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ECOLOGY- The study of living things and how they link with one another


I am writing from the middle of the Atlantic. All I can see is sea: sometimes blue, green, grey, flecked with white frothy tops, continually rolling or completely calm by the side of Lista Light.

We see very little life on our floating island, but beneath us there is a kingdom of some of the ugliest, oddest and most cunning of sea life!

Occasionally, wildlife does come a visiting:


In the dead of night, whilst watching for ships and storms, a flying fish crashed into my eye. Ouch! Throughout the night they continued to rain down onto Lista’s decks. A total of twenty five flying fish flew onto Lista over three nights.

Q Can you think why these little fish crash to their doom upon Lista Light’s wooden boards?

Possible answers:

When there is moonlight and the stars are bright, flying fish can fly out of the way of Lista Light, but when it is dark they cannot see to avoid her.

They probably use the moon to guide them up out of the water to fly away from danger. When there is no moon, they think the lights of a ship (or my head torch!) are the moon and fly towards them instead.

The result is a nasty surprise!

Q What other animals are apparently attracted towards the moon?

We first saw flying fish in the sea off the Canaries. They took-off  in ‘packs’ (we saw up to fifteen in the air at a time) out of the water, launching themselves through the rough waves, fleeing from Lista Light. They did not fly when the sea was calm, probably because they need waves to launch them into the air.

Q Why do flying fish fly?

One reason is likely to be evolution.

Evolution describes how animals changed from earlier forms of animals into new forms over hundreds of years. They may have changed their appearance or behavior to better fit an environment or to fit into a new environment.

This is how the flying fish could have evolved:

Many years ago, fish with slightly longer tail fins and pectorial fins (the fins that sprout from a fish’s side) were able to jump out of a wave to avoid tuna fish trying to eat then. Fish that could not jump out of the waves were more likely to be eaten. The jumping fish that survived the tuna attacks bread with one another. The female fish chose mates who could jump the highest (because these were the ones that survived), with bigger pectorial fins (wings). So the fish that could not jump were eaten and those that could jump produced fry (children) that could jump higher and higher over the generations. So over many hundreds of years, the jumping fish evolved into flying fish.

We did not want to waste the flying fish, so we gutted them and ate them grilled and in pate. It was our equivalent of buying fish and chips, but we knew exactly where the fish came from, that is was fresh and how it had been caught! Very tasty!!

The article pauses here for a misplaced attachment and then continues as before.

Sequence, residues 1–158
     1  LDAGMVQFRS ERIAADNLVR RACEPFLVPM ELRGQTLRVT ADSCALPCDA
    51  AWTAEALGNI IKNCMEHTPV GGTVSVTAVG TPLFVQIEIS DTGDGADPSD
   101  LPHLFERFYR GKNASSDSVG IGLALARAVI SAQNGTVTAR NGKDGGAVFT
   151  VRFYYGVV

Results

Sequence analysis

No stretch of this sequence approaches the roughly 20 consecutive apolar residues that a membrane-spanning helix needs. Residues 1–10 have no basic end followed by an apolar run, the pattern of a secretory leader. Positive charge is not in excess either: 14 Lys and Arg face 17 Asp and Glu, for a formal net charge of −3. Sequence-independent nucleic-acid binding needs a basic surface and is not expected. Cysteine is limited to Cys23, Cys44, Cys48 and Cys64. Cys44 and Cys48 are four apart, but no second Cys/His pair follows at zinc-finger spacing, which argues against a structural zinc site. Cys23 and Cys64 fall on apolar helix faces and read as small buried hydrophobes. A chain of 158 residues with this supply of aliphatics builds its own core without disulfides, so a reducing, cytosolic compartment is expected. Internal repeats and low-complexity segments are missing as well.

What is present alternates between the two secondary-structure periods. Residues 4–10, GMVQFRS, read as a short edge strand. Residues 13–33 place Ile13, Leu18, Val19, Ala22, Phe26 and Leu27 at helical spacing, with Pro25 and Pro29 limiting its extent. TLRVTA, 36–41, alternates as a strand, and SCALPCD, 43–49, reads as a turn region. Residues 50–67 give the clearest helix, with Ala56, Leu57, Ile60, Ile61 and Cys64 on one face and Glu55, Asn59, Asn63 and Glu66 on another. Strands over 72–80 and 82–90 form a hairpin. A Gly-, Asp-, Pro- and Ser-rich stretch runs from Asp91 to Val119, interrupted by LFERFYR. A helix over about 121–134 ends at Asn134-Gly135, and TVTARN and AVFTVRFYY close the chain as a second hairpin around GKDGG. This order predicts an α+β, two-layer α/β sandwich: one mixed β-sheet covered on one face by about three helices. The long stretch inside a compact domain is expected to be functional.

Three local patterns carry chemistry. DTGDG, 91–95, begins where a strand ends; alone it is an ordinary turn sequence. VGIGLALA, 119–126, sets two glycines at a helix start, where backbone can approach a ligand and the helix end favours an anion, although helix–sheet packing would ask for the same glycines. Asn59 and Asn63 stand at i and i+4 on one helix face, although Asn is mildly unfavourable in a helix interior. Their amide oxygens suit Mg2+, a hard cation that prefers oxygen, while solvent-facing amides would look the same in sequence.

This brings us on to Charles Darwin, the famous English natural historian and geologist (he studied rocks). He was born in 1809 and at the age of twenty-two sailed around the southern hemisphere on the HMS Beagle recoding and collecting new animal and plant forms.

He is famous for his work in the Galapagos Islands, west of Ecuador, South America, where he studied finches.

He noticed that there were a number of finches with different bill types in different habitats.

A Habitat is a place where an animal lives.

EXERCISE Can you find examples of habitats in your garden or school?

 A pile of rotting wood is a woodlouse’s habitat. A buzzard has a much bigger habitat, perhaps a couple of miles long. If you were to walk it you might find woodland, arable fields (where crops such as wheat and potatoes are grown) and pasture (where sheep and cattle graze). All these places are important in a buzzard’s life and help it to stay alive.

Our habitat might include: our house, village shop, vegetable garden, school and playground. They provide shelter, food, play and education for us and help us to stay alive.

Darwin believed that the finches had evolved from one type of finch. Some finch chicks hatched with a bigger bill. They were able to crack bigger seeds than the other finches. Over many generations, females chose male birds with bigger bills to father their chicks. So the bills grew larger and larger until they were perfect for cracking the biggest seeds and nuts. Other finches were not able to eat these nuts, so the big billed finches had them all to themselves. They had adapted to their environment.

These new finches were called new names as they had become new species.

Q What is a species?